I feel confident with either Dr Brown or Dr Chen. I actually, feel better about the open surgery approach Dr Brown is suggesting than laparoscopic (maybe with aid of a robot, I’d feel differently); since it took two months for the stomach swelling to go down after the original surgery (now I’m feeling the scar tissue under the left side of my belly button -where the video scope went in).

    Does anyone have any thoughts on what I should do?

  • Good intentions

    July 16, 2018 at 1:54 am

    Dr. Peter Billing of Eviva is also a good resource. He will respond to a well written description also and will remove mesh. He is the one that removed my mesh, he is in Shoreline WA.

  • Good intentions

    July 16, 2018 at 1:51 am

    The actual measured number is 10 – 16%. Here is a recent review of how to deal with chronic pain, linked below. But, since your pain is so specific you might want to choose more carefully. Has all of the mesh been removed? I mention this often in my posts but the training and the mantra today for the mainstream surgeons is that mesh is inert and any problems must be caused by something else. Even though it is known that the mesh fairly rapidly stiffens in to a boardy less flexible structure. It sounds like your surgeons are trying to “salvage” the mesh. That is a word that they actually use – salvage. The mesh is meant to be a permanent part of the body, so removing it is one of the last resorts, when maybe it should be the first.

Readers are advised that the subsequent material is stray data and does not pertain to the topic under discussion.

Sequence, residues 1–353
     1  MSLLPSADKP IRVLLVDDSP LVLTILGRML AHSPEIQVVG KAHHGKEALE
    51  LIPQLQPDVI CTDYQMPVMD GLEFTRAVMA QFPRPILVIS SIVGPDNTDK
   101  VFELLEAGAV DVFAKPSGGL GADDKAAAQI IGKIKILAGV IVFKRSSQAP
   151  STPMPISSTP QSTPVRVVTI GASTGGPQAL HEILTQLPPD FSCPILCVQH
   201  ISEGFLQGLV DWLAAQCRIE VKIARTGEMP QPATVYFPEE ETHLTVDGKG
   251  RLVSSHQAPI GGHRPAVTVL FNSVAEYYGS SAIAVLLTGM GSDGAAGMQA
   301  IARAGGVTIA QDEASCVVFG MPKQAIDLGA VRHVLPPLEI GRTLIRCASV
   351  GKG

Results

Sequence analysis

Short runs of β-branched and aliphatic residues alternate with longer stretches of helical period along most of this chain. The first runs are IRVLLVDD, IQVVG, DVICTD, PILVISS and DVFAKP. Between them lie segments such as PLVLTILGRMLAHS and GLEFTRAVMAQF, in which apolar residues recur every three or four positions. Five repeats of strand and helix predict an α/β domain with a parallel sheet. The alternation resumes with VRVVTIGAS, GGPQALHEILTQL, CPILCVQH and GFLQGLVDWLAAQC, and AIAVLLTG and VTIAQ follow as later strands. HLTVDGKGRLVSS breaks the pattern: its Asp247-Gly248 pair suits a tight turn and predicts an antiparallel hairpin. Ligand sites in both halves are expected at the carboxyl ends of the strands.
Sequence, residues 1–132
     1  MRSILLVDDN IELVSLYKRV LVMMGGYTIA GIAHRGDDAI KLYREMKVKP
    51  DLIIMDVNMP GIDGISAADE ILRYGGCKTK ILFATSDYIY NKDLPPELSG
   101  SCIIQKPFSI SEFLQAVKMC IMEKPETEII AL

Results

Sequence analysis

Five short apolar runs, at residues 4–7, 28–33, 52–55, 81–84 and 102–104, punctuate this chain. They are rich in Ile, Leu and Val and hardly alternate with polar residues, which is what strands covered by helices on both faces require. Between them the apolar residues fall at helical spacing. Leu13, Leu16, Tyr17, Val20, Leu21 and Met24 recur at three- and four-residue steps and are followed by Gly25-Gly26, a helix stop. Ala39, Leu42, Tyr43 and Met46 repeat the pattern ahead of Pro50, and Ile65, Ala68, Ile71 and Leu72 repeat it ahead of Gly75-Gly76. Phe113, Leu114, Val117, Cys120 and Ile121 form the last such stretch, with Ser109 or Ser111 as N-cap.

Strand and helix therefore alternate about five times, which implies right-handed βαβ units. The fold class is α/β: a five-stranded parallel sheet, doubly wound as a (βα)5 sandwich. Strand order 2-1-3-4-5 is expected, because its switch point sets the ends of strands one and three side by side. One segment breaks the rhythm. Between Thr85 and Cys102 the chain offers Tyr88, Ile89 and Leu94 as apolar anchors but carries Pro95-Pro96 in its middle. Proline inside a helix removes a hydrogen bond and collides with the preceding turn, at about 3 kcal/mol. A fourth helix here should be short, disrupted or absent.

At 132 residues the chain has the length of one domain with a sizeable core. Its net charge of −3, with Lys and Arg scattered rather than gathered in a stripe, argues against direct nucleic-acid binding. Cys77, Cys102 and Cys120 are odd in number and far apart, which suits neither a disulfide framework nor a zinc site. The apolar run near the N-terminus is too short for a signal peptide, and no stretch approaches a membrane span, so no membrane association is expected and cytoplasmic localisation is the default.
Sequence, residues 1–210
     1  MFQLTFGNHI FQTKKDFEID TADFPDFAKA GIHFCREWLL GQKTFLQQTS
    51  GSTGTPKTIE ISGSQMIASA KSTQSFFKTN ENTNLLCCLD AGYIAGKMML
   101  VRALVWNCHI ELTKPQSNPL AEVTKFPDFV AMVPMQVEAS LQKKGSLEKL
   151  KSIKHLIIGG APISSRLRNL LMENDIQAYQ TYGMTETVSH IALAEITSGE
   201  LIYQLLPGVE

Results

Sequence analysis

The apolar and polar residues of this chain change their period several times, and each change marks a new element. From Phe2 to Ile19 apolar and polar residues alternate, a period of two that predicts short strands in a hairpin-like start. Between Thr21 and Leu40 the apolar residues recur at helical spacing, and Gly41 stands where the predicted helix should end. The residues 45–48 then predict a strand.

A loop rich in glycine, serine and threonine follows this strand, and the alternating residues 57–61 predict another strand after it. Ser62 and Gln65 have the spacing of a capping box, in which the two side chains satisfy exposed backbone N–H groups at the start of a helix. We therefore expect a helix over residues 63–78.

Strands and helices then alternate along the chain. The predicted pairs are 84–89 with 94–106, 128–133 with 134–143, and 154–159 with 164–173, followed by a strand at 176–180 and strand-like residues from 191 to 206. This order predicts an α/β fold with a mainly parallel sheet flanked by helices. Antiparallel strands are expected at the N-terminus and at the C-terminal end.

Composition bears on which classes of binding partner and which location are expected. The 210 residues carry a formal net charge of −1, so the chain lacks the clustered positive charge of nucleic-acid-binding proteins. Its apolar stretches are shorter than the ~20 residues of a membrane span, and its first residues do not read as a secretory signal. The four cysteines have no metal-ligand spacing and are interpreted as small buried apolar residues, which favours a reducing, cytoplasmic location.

Regardless of the reasons for the thought processes, I would at least get more opinions. Try to find a surgeon who has actually worked on a case like yours. It sounds like your two surgeons have just gone to the books and are telling you what they read there.

    Here is some reasoning, in question form, for having all of the mesh removed – are there cases of injury where scar tissue alone was enough to justify either of the two options you described? Auto accidents, stab wounds,other types of surgery, etc. Because if you have all of the mesh removed that is what you will end up with. Scar tissue that will restructure and adjust to get back to its original form. That, to me, seems like the logical approach. Remove all of the foreign body that started the problem. Then consider drastic measures. The surgeons will want to try to solve all of the problem in one shot. It’s up to you to slow them down, to try to save your parts. Having an orchiectomy will probably affect you psychologically also. Complete mesh removal before an orchiectomy seems logical. It’s surprising that any surgeon would consider the orchiectomy alone, first.

    Get more opinions. Send a message to Dr. William Brown at his practice. He will probably respond. Include your phone number. Don’t try to stay inside your insurance plan, be willing to travel. It’s the rest of your life.

    I had two very large pieces of mesh removed and the only area that still gets sore is where a mesh fragment is. It’s been seven months and it’s stayed in the back of my mind that I will eventually have to get the last small piece removed. I can still feel it at times and don’t know if my body is going to adapt to it or not.

    Good luck. Do more research. Your problem is not a “by the book” problem.